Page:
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Saturday, December 3rd, 2022

The world is watching: the Middle East is primed

Over-reaction could provoke a cascading series of events that prompts all-out conflict and an interruption to oil shipments from the Gulf thus increasing risks of a global recession. There are no good military options, simply those that are less bad.

Illustration: Jim PavlidisCredit:

The best option for all concerned is to de-escalate the conflict, ease sanctions to encourage Iran to return to the negotiating table, and redo the 2015 Joint Comprehensive Plan of Action that, despite its imperfections, was working.

The JCPOA, negotiated painstakingly over several years and signed by the five permanent members of the United Nations Security Council plus Germany, provides inspections safeguards against an Iranian breakout acquisition of a nuclear capability.

A Saudi military officer walks by what was described as the remains of Iranian cruise missiles and drones used in an attack that targeted the heart of Saudi Arabia’s oil industry. Credit:AP

Let’s repeat. The JCPOA was working before Trump recklessly dragged the US out of it and, last year, re-imposed harsh sanctions. These have brought Iran’s economy to its knees, effectively cornering the regime.

Predictably, Iran is not taking this lying down, although few would have predicted such as audacious response as a strike at the heart of the Saudi Arabian oil industry and the global oil economy. What the Iranian attacks tell us in a broader sense is that Iran retains the capability to cause mayhem in the Gulf in an asymmetrical conflict with the US and its allies. Oil installations the length and breadth of the Gulf are vulnerable from low-flying land-based cruise missiles; tanker traffic is exposed; oil pipelines are, likewise, susceptible to attack; and so, too, are warships with limited room for manoeuvre in confined Gulf waters.


Whether a Trump administration is capable of backtracking on one of the signature foreign policy decisions of the presidency, namely withdrawing from the JCPOA, is moot. Not least of issues for the White House is further erosion of America’s foreign policy credibility. Failure to respond in a way that either relieves tensions or deters Iran will weigh heavily on Washington’s ability to maintain its authority in the region. In Tehran, the New York Times quoted Ali Bigdeli, a political analyst, as saying of the US President: “He is not a lion – he is a rabbit.”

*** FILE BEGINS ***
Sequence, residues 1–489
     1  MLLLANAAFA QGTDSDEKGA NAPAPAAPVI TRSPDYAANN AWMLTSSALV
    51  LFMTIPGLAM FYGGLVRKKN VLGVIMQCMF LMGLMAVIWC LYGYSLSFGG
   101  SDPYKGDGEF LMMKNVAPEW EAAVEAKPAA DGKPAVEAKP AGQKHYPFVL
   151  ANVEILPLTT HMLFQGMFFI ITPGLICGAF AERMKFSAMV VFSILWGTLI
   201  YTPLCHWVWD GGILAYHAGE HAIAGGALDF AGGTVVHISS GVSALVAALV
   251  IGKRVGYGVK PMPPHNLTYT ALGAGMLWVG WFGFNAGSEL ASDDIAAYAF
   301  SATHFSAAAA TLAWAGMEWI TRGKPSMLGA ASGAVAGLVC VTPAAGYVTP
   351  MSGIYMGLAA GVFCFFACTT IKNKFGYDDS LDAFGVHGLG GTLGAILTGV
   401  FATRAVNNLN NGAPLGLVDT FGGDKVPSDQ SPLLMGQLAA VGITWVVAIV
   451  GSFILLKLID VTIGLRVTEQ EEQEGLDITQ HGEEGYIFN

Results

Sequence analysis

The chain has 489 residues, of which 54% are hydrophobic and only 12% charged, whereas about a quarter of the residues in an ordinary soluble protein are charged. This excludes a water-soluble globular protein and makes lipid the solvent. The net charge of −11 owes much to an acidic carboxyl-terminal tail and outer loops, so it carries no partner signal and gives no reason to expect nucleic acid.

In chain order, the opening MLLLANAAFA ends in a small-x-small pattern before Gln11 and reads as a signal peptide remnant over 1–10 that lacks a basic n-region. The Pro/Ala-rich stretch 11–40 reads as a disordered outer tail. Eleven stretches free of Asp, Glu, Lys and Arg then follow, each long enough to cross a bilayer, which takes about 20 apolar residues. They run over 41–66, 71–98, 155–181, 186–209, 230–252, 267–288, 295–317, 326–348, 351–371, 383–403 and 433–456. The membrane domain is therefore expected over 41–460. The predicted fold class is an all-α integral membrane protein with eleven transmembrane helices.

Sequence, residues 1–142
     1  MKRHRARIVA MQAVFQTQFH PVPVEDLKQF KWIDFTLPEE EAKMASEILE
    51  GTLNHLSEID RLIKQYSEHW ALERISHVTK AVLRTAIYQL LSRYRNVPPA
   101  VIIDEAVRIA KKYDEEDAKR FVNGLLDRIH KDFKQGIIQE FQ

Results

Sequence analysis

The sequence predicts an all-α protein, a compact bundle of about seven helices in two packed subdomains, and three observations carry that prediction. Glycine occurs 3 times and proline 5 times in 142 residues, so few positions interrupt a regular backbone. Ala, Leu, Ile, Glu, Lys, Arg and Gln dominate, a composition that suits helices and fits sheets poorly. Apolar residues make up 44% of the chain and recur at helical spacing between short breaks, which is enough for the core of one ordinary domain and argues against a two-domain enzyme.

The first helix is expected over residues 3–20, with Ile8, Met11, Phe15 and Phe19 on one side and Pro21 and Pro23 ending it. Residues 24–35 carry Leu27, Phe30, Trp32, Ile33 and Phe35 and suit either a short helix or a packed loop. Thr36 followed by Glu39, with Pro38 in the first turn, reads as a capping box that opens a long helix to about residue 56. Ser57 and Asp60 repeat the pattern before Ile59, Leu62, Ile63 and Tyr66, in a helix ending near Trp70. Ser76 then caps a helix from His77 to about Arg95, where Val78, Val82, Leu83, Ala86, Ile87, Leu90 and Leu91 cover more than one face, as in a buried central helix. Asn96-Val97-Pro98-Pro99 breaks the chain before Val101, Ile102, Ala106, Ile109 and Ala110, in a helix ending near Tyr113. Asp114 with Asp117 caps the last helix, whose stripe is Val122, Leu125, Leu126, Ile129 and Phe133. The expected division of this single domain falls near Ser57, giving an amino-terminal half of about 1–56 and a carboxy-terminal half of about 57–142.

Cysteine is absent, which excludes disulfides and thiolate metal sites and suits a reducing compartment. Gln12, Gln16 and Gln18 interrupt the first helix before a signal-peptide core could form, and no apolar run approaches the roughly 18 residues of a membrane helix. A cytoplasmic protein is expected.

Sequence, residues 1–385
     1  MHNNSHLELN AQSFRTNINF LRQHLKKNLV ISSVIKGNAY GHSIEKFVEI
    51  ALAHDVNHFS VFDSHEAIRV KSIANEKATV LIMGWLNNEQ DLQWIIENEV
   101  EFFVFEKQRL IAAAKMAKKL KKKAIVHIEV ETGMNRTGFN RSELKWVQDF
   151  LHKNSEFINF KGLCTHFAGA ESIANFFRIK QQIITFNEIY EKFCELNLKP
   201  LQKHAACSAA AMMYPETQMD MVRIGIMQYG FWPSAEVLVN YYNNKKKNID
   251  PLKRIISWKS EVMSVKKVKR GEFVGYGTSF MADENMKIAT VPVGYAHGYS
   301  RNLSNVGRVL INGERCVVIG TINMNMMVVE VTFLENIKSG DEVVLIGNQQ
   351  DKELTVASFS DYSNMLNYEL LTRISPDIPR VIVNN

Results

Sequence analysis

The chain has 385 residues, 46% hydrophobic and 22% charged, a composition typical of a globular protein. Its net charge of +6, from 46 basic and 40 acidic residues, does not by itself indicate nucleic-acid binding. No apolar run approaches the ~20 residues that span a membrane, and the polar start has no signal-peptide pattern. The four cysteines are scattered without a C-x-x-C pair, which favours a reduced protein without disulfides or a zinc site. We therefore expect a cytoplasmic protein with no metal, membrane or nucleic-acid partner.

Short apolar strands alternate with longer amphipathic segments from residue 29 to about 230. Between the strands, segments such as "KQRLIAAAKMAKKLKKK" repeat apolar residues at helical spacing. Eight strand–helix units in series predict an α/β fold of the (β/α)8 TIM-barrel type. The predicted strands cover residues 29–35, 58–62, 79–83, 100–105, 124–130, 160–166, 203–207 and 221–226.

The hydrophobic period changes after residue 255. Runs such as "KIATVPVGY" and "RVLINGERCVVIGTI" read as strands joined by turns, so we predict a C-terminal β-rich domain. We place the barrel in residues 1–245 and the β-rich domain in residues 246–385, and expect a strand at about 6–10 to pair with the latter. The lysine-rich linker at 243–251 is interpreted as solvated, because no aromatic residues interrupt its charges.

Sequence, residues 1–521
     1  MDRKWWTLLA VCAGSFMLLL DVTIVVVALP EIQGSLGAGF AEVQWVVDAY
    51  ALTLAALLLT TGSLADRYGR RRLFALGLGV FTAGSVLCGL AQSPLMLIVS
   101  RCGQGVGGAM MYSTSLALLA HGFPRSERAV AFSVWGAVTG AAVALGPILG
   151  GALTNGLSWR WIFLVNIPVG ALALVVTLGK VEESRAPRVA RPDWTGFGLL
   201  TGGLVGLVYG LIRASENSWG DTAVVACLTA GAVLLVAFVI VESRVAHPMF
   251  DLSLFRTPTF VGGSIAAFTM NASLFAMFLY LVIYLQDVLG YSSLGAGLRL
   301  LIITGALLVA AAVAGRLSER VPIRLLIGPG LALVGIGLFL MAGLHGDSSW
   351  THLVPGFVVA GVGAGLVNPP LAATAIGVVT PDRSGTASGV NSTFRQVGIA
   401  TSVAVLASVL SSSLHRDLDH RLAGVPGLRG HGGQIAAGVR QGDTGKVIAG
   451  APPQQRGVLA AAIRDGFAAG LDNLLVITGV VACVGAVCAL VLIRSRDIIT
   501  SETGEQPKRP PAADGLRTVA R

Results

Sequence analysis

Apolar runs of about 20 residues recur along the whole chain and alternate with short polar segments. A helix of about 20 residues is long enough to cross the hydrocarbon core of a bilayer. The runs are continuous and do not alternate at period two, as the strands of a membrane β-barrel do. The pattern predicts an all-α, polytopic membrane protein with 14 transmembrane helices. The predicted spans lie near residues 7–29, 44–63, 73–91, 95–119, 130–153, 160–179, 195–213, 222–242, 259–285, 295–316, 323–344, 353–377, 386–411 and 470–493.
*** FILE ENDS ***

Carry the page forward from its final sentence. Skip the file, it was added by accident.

In Washington, hawks like the retired four-star general Jack Keane, who has the President’s ear, have been urging retaliatory air strikes. In Keane’s view the US needs to “impose a cost” on Iran that would deter it from further destabilising the region.

All this reminds us of the original folly of the rush to war in Iraq in 2003. Trump’s calculation that the last thing America needs is further conflict in the Gulf is laudable, but his actions have belied his instincts.


What should be kept in mind in calculating risk and reward in the latest situation are the staggering costs to the US of its wars in the Middle East. In a country that is running trillion dollar budget deficits, the mounting bill for its post September 11 wars has now reached US$6 trillion, according to the Costs of War Project at Brown University’s Watson Institute. Half a million people have been killed in these post September 11 conflicts. War with Iran would resemble a tea party compared with those in Iraq and Afghanistan.

In light of this and polls indicating little appetite in American for renewed conflict, it’s not surprising the Trump White House has dialled back on rhetoric first heard in the immediate aftermath of the cruise missile strikes against Saudi Arabia’s Abqaiq and Kurais refineries.

Secretary of State Mike Pompeo was quick to describe the attacks as an “act of war”. This implied the US would feel compelled to respond militarily. In Washington over the weekend, the Trump White House may have indulged a state visit by the Australian Prime Minister, but away from the ceremonial artifice the administration’s real preoccupation will be whether and how to drop a shoe.

Tony Walker is a former Middle East correspondent for the Financial Times and Fairfax newspapers.

Tony Walker writes on politics, North America and the Middle East. He was formerly the Australian Financial Review’s international editor.